You are here

Development Hypotheses

A development hypothesis states what will occur if a particular intervention is undertaken, or a combination of several building blocks that are critical for bringing about a particular development outcome are put in place. USAID's CDCS guidance makes it clear that these propositions cannot simply be wishes. USAID expects development hypotheses to be grounded in evidence.

In the Development Hypothesis section of a CDCS, USAID requires a short narrative that articulates the hypothesized linkages between a CDCS Goal, each DO that supports it, and, in turn, the linkages between each DO and its supporting IRs and sub-IRs. USAID staff who have experience developing a Results Framework will recognize, on the right, the graphic devices that tool uses for expressing development hypotheses.

In a Development Hypothesis narrative, hypotheses are often written out as causal "if-then" propositions. Several such propositions laid out in a sequence describe a strategy’s "theory of change."

For example, USAID development hypothesis for realizing increased trade might be written out this way:

If maritime transport costs decline, the volume of trade in the target country will increase.

Working down to explain how maritime transport cost would be reduced, a Mission might write:

If port efficiency is increased, then maritime transport costs for exporters and importers will decline.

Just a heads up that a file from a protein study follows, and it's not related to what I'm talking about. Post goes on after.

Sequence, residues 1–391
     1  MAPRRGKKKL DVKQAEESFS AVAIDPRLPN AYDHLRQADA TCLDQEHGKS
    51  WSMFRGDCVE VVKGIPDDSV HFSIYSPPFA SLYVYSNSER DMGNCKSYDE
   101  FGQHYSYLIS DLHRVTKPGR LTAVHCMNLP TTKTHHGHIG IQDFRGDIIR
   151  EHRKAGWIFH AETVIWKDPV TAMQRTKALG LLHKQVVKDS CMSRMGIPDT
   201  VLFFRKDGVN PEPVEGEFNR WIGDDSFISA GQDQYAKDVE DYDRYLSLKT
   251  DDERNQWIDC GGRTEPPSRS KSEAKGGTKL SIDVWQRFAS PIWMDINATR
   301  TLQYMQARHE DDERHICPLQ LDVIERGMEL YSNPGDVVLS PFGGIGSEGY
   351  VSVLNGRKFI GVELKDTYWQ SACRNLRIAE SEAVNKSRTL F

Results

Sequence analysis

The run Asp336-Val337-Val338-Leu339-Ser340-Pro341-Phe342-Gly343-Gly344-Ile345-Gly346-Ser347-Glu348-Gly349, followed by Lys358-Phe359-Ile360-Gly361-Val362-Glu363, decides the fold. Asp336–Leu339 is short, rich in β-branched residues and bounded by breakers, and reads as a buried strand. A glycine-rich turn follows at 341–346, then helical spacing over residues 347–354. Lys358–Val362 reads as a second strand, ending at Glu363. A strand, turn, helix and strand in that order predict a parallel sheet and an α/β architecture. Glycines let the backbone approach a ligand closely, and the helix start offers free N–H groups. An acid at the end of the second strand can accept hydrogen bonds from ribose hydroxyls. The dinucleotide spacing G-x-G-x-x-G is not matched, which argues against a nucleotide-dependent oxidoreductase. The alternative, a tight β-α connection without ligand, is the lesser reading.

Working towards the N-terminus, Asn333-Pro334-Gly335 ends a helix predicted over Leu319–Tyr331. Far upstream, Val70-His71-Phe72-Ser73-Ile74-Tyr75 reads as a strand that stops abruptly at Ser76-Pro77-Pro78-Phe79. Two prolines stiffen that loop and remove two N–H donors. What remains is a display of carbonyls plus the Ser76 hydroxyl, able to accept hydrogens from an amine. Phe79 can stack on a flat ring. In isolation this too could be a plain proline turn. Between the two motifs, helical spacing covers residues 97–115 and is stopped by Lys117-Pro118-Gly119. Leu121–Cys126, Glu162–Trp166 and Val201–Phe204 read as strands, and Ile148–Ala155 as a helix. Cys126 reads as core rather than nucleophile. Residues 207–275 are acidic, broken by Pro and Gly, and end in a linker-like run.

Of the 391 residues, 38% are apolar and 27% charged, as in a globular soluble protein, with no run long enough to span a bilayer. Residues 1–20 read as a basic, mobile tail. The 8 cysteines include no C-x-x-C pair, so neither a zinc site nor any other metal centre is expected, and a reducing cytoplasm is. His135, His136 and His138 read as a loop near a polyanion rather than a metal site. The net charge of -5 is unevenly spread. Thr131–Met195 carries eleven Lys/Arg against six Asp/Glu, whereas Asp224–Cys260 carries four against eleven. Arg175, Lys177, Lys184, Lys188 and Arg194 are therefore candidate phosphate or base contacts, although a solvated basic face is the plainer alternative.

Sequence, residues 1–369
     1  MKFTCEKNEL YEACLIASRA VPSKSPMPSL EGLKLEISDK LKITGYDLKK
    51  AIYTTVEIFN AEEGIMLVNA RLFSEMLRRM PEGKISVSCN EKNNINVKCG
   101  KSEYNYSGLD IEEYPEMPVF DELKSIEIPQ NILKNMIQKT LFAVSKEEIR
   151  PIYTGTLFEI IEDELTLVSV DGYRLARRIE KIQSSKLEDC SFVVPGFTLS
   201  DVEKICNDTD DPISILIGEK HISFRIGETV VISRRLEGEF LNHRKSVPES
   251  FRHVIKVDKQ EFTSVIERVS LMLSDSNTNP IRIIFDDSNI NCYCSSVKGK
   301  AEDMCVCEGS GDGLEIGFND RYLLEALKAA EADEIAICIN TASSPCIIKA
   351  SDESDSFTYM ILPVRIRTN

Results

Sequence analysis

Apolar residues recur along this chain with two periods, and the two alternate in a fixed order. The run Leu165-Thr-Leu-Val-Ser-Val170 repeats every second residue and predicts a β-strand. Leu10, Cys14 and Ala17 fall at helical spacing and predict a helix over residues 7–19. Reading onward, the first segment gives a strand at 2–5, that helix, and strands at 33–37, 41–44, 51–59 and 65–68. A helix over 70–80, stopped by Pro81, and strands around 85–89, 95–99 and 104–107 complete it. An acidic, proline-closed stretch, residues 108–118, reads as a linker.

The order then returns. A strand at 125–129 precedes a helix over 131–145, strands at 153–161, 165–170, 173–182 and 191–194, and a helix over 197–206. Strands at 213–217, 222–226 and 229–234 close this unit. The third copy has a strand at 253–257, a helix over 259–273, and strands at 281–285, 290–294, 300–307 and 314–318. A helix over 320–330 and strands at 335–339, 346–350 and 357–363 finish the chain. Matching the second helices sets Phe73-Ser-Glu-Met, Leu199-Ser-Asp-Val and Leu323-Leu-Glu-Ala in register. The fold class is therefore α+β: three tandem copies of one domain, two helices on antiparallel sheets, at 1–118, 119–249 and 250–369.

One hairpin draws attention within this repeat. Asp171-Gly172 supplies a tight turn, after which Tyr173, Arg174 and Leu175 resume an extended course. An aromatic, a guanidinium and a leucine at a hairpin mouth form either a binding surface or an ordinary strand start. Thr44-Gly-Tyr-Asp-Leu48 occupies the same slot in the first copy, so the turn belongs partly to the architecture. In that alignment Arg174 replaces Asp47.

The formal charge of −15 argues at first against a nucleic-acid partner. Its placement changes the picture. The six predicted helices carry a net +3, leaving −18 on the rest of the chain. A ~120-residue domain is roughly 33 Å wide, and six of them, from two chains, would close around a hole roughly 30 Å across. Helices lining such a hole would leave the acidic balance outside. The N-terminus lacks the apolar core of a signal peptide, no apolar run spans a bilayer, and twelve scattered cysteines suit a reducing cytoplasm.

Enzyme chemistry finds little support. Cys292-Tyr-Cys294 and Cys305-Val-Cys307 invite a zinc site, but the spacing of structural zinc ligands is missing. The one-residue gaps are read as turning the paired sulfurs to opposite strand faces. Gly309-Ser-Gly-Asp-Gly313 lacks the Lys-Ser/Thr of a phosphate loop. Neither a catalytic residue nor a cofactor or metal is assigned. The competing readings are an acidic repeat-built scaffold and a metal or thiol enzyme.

In turn, the Mission might hypothesize that:

If goods-handling systems at the ports are automated, then port efficiency will rise.

Laid out this way, each of the causal hypotheses that underlie a Mission’s strategy is both potentially testable and specified in a way that can be monitored and evaluated.

For this theory of change, would the Mission involved be able to cite references to demonstrate that its strategy was "evidence-based?" Absolutely. Over the past decade, a significant body of literature has emerged, based largely on multi-country regression analyses, demonstrating that results along this chain to be highly associated, making it likely, though not certain, that if USAID invests in a strategy based on this theory of change the results it expects will materialize.

USAID/Uganda's Tips for Producing Promising Development Hypotheses

Do: Don't:
  • Start with broader development theory but be as specific as possible, considering both the interventions USAID controls/manages and broader operational context/influence.
  • Answer the question, "Why are you doing this and what will it lead to? " "If USAID…, then…" statements are usually helpful.
  • Account for USAID's "additionality"—would the development result happen anyway?
  • Beware of "why not something else"—your project's reasoning/documentation should explain why your particular path to a Goal is the most promising choice among different options.
  • Recognize that while you suspect you know the relationship between the "If and then," there's a fair chance you, and USAID, could be wrong.
  • Make it so general it could be true in any country or any Development Objective, but customize and tailor your development hypothesis language to the local context.
  • Put value statements ("efficient," "effective") in the "If" part of your hypothesis.
  • Worry about exact wording at first; focus instead on the clarity of reasoning and ideas.
  • Worry about complete certainty of accomplishment